Understanding a Special Needs Trust and Its Benefits

What Is a Special Needs Trust?

A special needs trust is a legal arrangement and fiduciary relationship that allows a physically or mentally disabled or chronically ill person to receive income without reducing their eligibility for the public assistance disability benefits provided by Social Security, Supplemental Security Income (SSI), or Medicaid.

A grantor creates a trust and a trustee oversees the disbursement of assets from the trust. A beneficiary is a person for whose benefit the trust is established. The trust will supplement the beneficiary’s government benefits but not replace them.

A special needs trust is a popular strategy for those who want to help someone in need without risking that the person will lose their eligibility for programs that require their income or assets to remain below a certain limit.

Key Takeaways

  • A special needs trust is a legal arrangement that provides access to funding to someone who is physically or mentally disabled or chronically ill.
  • This trust allows for the additional financial support of an individual without potentially jeopardizing the benefits provided by public assistance programs.
  • Public assistance programs like Social Security and Medicaid have certain income and asset restrictions and trust funding is not counted toward these qualifications.

How a Special Needs Trust Works

A special needs trust helps cover a person's financial needs that are not covered by public assistance payments. The assets held in the trust do not count to qualify for public assistance.

Proceeds from this type of trust are commonly used for medical expenses, payments for caretakers, and transportation costs. The party who creates the trust, the grantor, will designate a trustee who will have control over the trust. This trustee will also oversee its management and the disbursement of funds.

A third-party special needs trust, commonly called a supplemental needs trust, is funded with assets belonging to a person other than the beneficiary, and funds belonging to the beneficiary may not be used to fund the trust. Funding may come from gifts, an inheritance, and proceeds of life insurance policies. 

A self-funded or first-person special needs trust allows people with disabilities to place their own money into a special needs trust and still be eligible for certain benefits under SSI and Medicaid programs. These trusts only hold assets that belonged to the beneficiary with disabilities before the funds are placed into the trust.

Assets originally belonging to the disabled individual placed into the trust may be subject to Medicaid's repayment rules, but assets provided by third parties such as parents are not.

Special needs trusts are irrevocable and neither creditors nor the winner of a lawsuit can access funds designated for the beneficiary.

Benefits of a Special Needs Trust

Establishing a special needs trust can have benefits for both parties. The beneficiary receives needed financial support without putting their eligibility for income-restricted programs or services in jeopardy. The person or party that contributes to the trust is reassured that the proceeds will go to expenses they stipulate.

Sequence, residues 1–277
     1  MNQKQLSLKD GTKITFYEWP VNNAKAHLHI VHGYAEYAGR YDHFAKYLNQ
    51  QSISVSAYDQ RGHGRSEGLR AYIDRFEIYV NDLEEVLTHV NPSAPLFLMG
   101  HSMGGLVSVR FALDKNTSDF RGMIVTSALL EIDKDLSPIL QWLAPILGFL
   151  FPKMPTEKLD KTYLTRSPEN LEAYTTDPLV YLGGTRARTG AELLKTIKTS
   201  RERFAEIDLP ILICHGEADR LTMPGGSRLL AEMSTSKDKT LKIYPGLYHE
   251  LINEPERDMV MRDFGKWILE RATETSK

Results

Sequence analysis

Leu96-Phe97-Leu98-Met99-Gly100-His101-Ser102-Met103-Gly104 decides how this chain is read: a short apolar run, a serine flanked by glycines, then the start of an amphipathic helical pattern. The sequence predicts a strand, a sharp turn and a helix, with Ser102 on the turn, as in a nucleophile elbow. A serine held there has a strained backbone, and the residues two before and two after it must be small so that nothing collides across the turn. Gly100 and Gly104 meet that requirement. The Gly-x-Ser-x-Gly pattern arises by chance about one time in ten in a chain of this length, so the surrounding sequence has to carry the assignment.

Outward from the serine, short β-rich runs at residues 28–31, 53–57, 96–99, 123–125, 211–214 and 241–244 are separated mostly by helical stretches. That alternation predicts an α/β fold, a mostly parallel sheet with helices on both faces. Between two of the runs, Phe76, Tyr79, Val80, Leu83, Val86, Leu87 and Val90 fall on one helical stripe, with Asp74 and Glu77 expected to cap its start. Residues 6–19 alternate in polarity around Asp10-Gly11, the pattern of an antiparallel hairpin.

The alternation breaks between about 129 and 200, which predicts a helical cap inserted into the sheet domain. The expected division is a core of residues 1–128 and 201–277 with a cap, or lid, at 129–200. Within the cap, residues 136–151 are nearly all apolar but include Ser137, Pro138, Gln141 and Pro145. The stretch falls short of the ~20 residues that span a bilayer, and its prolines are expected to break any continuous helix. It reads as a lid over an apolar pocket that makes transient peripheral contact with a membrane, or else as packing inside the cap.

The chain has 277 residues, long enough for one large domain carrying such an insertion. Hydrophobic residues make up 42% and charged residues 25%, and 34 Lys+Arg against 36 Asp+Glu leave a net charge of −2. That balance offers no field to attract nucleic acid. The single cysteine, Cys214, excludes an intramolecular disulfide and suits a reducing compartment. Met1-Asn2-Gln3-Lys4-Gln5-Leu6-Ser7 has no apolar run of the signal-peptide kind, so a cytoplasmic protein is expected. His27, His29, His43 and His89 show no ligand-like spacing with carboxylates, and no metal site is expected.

The person who creates the trust or their legal representative must define the terms of the trust documents very carefully to ensure their validity and to confirm that the directives and purpose of the document are explicitly clear.

The special needs trust must be established before the beneficiary turns 65. Special needs trusts are irrevocable, and their assets cannot be seized by creditors or by the winner of a lawsuit.

When Do the Benefits of a Special Needs Trust End?

The trust ends upon the beneficiary’s death and the remainder beneficiaries are the individuals who will receive any remaining trust assets. In first-person or self-funded SNTs, the state’s Medicaid division is reimbursed for the services it provided to the beneficiary and if assets remain, they usually pass to the beneficiary’s estate. In third-party or supplemental SNTs, the grantor of the trust decides who the remainder beneficiaries are.

What Kind of Assistance Does a Special Needs Trust Benefit Provide?

The money in a special needs trust will not jeopardize a recipient's eligibility for public assistance funds if the trust money only covers financial needs that aren't covered by those government funds. The trust money cannot be used for food or housing expenditures, instead, it is used to pay caretakers, out-of-pocket medical expenses, and the cost of transportation.

Is a Special Needs Trust a Revocable Trust?

No, this type of trust is an irrevocable trust. That means it cannot be modified, amended, or terminated without permission from the grantor's beneficiaries. The assets in a special needs trust can't be seized by creditors or by someone who wins a lawsuit.

Article Sources
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  1. U.S. Social Security Administration. "SI 01120.203 Exceptions to Counting Trusts Established on or after January 1, 2000."

  2. Special Needs Alliance. "Your Special Needs Trust."

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